Olives have been around for thousands of years. If you are a fan of these tiny green fruits, you may not know that some of Spain’s best olives were bottled in Tampa!
Greeks were the first to cultivate the olive tree around 3500 BC on the island of Crete. By 2000 BC, cultivation was extensive, with exports to mainland Greece, Northern Africa, and Asia Minor.
The olive tree symbolized peace, wisdom, and triumph for the ancient Greeks. Olympic athletes in Greece were massaged with olive oil and believed that three gifts of the gods would be acquired–wisdom, power, and strength. They also used olive oil to heal wounds and cure many ailments, including insomnia, nausea, cholera, and ulcers.
You will find many references to olives and olive oil in the Bible. The Book of Genesis speaks of the dove that was let loose by Noah. The dove later returned with an olive branch in its mouth, indicating the symbol of peace and the end of God’s anger. In the Book of Exodus, God tells Moses how to make an anointing oil of spices and olive oil. During the consecration, holy anointing oil was poured over the heads of kings and priests.
So, when Salvatore Chillura Reina started his olive business here in Tampa, one has to wonder if he somehow knew the magical power of olives and their oil.
Salvatore Chillura Reina was born on December 11, 1882, in Santo Stefano Quisquina, Sicily, to Ignazio and Giuseppina (Chillura) Reina, who were farmers. He came to Tampa in 1903, could not speak English, and needed employment. He was given a job driving a mule cart for his uncle’s wholesale feed and grocery business, Reina Brothers Company. When he was 21, he left briefly to try his hand at rolling cigars but eventually returned to his uncle’s business, where he worked as a dispatcher.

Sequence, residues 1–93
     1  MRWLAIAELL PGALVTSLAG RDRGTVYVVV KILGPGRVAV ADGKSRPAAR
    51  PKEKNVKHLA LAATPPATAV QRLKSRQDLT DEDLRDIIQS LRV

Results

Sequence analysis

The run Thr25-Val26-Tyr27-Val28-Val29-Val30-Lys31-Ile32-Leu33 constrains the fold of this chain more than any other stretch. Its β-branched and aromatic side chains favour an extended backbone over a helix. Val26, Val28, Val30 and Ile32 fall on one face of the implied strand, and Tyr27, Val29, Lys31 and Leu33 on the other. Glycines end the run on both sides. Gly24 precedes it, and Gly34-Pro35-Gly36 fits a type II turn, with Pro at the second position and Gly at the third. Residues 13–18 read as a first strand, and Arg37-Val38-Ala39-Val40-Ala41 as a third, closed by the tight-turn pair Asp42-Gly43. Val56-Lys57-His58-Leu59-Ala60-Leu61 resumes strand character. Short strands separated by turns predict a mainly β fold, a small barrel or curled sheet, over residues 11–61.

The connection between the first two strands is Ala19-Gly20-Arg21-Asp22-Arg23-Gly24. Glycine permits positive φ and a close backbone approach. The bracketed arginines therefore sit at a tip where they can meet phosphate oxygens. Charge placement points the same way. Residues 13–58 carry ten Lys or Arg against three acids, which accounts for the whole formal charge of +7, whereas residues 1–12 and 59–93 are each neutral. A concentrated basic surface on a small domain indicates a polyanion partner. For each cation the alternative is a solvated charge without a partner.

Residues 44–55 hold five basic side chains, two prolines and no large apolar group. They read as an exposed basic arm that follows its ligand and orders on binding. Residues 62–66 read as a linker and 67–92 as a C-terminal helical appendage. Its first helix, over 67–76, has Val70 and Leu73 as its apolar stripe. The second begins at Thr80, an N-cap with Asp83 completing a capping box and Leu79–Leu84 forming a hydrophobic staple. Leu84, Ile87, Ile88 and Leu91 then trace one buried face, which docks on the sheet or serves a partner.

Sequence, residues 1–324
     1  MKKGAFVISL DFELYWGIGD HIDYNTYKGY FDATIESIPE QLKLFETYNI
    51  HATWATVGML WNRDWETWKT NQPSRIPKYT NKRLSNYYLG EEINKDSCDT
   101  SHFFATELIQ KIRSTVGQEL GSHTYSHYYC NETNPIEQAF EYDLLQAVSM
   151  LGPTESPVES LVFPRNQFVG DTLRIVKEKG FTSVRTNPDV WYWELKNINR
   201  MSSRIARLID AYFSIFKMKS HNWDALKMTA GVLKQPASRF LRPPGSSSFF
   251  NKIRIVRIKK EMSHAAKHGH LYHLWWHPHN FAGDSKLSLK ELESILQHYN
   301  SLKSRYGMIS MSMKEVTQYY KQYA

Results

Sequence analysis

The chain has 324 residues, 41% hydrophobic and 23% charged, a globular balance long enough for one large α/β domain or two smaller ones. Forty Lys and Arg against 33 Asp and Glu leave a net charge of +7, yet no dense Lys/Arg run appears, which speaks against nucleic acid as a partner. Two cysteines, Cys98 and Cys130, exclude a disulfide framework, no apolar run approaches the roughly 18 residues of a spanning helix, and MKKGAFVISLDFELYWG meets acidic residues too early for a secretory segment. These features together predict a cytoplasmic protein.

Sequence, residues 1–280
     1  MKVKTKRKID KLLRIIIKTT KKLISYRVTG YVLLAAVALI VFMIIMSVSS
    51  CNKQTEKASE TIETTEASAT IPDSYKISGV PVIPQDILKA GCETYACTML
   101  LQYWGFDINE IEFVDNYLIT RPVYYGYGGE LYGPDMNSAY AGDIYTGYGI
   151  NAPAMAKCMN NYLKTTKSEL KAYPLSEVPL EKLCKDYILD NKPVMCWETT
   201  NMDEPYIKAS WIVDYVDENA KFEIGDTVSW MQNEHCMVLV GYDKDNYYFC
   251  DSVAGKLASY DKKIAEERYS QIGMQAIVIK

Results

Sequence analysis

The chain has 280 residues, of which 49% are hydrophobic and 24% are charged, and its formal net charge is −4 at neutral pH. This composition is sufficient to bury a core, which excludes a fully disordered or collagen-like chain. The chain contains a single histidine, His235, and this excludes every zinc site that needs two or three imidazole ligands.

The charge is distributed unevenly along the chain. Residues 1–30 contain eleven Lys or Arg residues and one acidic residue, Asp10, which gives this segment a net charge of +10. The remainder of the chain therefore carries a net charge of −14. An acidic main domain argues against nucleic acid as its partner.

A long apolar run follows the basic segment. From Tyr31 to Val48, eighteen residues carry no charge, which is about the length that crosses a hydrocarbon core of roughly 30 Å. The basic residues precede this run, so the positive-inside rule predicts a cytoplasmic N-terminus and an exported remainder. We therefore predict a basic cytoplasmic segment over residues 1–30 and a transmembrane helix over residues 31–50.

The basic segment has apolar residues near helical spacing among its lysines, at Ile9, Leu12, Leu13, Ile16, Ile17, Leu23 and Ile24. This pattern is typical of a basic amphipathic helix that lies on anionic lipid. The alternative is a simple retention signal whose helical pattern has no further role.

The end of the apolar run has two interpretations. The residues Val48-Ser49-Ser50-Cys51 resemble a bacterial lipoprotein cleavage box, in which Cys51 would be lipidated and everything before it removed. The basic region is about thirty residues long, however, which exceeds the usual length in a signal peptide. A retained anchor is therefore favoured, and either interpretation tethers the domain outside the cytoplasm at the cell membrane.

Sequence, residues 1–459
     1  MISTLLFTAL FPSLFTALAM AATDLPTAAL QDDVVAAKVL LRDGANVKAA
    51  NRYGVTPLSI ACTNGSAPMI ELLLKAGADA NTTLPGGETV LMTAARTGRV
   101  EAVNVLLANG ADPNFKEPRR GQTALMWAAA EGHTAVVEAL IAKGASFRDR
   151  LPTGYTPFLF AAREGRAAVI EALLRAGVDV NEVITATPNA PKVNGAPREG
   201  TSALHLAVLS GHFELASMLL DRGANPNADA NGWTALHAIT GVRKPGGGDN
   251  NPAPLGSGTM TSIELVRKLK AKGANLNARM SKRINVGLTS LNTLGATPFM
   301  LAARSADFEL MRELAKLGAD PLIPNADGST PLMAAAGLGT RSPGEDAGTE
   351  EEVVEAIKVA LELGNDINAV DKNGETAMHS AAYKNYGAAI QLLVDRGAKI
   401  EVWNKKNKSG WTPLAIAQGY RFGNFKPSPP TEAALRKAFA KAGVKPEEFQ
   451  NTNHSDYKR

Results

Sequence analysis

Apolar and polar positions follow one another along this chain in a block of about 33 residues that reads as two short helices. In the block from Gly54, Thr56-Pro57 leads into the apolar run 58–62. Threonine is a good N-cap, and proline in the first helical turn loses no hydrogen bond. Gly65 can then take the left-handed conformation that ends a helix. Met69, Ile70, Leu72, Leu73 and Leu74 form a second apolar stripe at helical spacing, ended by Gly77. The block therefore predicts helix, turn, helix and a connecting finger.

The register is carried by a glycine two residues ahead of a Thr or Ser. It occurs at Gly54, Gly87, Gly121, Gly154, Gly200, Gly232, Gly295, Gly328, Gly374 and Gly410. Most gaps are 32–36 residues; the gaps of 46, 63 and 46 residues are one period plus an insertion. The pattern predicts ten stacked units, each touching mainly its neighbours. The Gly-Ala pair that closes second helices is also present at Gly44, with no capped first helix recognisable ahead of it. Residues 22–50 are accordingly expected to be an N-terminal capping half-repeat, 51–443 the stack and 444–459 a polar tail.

In 1938, he started the Sevilla Olive Company in Ybor City. The business imported olive oil, maraschino cherries, and olives from Spain. Freighters shipped Olives directly to Tampa, where they arrived packed in brine inside man-made wooden casks ready for bottling. Women workers used colanders to dip olives from the barrel and place them on steel trays to be sorted. Steel prongs were then used to select the olives. The prongs had a spring release allowing the olive packer to release the olive and place it attractively in a jar. Each worker packed approximately 40 jars a day.
The olives, cherries, and olive oil were labeled “Silvia & Marti.” The company also imported La Estrella Guava Paste and other products. They were first located on 8th Avenue in Ybor City behind the Kress Building but later moved to 2601 2nd Avenue. Sevilla Olive Packing became one of Florida’s most successful wholesale grocery and import firms in a short period.
Salvatore married Maria Spoto in 1908. She was a native of Casteltermini, Sicily, and the daughter of Michele and Pietra (Caltagirone) Spoto. Together they had three sons, Alfred, Ernest, and Hugo, who eventually worked in the business with their father.
Salvatore passed away in 1979 at 97 after a long legacy of involvement in his community. He came to America as many Sicilian immigrants did in early 1900, looking for opportunity and a way to support his family. Salvatore Chillura Reina will always be remembered as one of Tampa’s early pioneers who contributed much to our city’s rich heritage. An excerpt from a story about him in 1949 in Il Volte D’Italia described him well: Salvatore Reina, we can well affirm, belongs to those heroic immigrants whose coming marked the dawn of Italian contributions to the culture of the Stellar Republic. The life of this gentleman of our race has all been spent amid honest commercial endeavor, with his family and in doing good works…his name is known everywhere as a symbol of excellent products and of honesty.
CIGAR CITY MAGAZINE- JANUARY/FEBRUARY 2007
MARILYN L. FIGUEREDO
Marilyn was Cigar City Magazine's co-owner and managing editor until her passing in 2007. Marilyn was born in 1948 in Tampa, where she lived her entire life and, more specifically, her early childhood in Ybor City. After a successful 30-year career at Delta Air Lines, Marilyn embarked on what became her true passion: reinvigorating the colorful, multicultural history of Ybor City through the lives and personal stories of the families and individuals who made up the uniqueness of this Tampa quarter. She did this primarily through Cigar City Magazine, serving on various committees and organizations, and attending cultural events throughout Tampa. Her work alongside her niece Lisa Figueredo, founder and Publisher, was instrumental in producing Cigar City Magazine.
Marilyn's legacy will live forever throughout the pages of Tampa's first historical magazine–CigarCityMagazine
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